The Green New Deal resolution contains a plan that calls for solar, wind, and EVs, for so-called renewable energy, and an overhaul of our transportation system.
That means massive amounts of materials, like copper, lithium, cobalt, iron ore, and other minerals and metals will be needed:
“A recent joint study by Metabolic, Copper 8 and Leiden University for the Dutch government estimates that global production of some metals will need to increase 12-fold by 2050 if all signatories of the Paris Agreement live up to their commitments to decarbonizing their economies.”
Okay, so if you are signing up for and support a path to so-called renewables and EVs, then you are signing up for a whole lot more mining, and all that goes with it: deforestation, tailing ponds, dams, water contamination, roads fragmenting habitat to get to the mines, etc. etc.
And yet, no one wants a copper mine in their own back yard. Just today I’m reading about how WA state residents are fighting a copper mine slated to go in the upper Methow valley:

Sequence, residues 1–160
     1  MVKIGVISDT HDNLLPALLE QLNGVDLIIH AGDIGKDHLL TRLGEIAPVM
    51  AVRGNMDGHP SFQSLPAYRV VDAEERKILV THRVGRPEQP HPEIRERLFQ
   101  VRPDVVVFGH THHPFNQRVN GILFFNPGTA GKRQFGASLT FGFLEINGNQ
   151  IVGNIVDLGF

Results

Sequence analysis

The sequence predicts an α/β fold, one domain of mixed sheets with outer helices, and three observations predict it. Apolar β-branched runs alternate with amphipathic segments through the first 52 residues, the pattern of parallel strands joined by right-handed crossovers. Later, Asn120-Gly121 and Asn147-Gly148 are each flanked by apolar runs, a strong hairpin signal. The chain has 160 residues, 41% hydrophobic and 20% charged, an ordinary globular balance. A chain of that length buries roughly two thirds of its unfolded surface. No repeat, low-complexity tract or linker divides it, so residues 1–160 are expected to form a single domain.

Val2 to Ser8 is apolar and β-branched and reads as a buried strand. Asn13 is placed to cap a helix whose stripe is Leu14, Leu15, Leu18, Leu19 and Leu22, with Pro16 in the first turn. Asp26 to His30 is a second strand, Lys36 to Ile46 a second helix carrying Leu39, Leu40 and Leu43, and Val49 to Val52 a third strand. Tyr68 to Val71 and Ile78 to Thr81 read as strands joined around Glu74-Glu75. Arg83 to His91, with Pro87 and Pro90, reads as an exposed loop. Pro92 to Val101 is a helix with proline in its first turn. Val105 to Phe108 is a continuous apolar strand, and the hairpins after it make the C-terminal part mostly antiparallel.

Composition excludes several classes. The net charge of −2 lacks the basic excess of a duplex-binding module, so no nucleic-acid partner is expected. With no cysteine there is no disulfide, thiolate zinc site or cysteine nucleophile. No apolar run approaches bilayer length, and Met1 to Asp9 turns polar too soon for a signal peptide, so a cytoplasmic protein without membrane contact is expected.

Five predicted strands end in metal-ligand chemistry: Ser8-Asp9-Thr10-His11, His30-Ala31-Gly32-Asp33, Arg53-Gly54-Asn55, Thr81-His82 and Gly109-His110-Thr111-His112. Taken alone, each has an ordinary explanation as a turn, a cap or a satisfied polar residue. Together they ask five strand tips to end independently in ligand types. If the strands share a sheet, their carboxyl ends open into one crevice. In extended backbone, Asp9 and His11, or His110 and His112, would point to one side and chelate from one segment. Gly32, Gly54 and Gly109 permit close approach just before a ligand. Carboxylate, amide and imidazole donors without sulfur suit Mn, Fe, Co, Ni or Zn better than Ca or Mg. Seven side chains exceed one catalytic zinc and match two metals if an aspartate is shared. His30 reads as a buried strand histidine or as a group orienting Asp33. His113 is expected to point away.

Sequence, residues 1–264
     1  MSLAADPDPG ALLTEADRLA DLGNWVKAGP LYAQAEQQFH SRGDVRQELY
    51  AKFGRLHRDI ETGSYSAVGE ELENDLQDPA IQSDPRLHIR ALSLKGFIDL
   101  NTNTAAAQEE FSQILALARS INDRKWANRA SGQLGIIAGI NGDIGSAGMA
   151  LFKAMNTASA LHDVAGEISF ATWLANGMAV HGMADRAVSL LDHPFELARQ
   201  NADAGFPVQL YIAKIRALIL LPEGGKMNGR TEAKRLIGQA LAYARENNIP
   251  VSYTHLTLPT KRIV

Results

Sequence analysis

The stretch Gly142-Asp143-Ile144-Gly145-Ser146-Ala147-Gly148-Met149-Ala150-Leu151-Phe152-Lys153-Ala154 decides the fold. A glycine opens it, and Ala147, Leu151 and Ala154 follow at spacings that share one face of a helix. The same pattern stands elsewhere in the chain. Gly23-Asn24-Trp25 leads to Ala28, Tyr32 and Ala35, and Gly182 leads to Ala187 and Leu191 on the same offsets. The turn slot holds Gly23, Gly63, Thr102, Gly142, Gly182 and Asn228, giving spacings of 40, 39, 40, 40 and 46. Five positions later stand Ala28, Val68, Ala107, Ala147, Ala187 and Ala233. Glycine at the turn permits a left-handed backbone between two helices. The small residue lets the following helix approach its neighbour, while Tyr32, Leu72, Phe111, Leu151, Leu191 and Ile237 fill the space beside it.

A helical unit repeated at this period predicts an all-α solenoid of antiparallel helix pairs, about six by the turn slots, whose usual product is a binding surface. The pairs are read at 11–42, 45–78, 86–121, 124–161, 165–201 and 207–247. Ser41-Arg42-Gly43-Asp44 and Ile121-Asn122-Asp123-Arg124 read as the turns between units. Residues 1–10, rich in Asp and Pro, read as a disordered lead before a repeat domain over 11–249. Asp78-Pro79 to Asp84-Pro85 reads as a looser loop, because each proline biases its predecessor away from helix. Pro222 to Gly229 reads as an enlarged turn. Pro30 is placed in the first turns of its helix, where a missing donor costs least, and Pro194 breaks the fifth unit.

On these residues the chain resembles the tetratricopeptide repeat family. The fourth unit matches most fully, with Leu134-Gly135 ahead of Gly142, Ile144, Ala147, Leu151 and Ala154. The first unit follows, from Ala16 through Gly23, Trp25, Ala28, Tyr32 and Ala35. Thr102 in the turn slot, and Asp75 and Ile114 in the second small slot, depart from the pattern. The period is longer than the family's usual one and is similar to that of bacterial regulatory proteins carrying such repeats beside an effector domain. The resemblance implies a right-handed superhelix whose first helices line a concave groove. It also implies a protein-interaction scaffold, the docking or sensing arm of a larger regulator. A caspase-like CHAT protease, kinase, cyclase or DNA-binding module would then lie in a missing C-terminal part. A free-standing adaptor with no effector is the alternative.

And about anti-mining activism in Arctic Norway, where the government has just approved a new copper mine in indigenous Sami territory that will be the most environmentally damaging project in the history of the country, and where environmentalists, fishermen, and reindeer herders fought the mine hard and are considering legal action:
So which is it? You want your renewables and your EVs? Or not?
And if you want your renewables and EVs but you DON’T want the copper mines (and all the other mines) that go with that, then you are essentially saying that, just like we already do with mines, fossil fuels, and dirty manufacturing, you’d like those nasty things to be elsewhere. Where? Well, typically in countries with lax environmental laws, and in poor and indigenous regions where no one powerful and rich notices that it ruins lives and landscapes.
The so-called renewables and EVs revolution is going to spawn a whole new generation of NIMBYs. Get ready.
Image: Bingham Copper Mining Pit – Utah Reclamation Project, 1973, by Robert Smithson. Wax pencil and tape on plastic overlay on photograph, 20 x 30 inches (50.8 x 76.2 cm)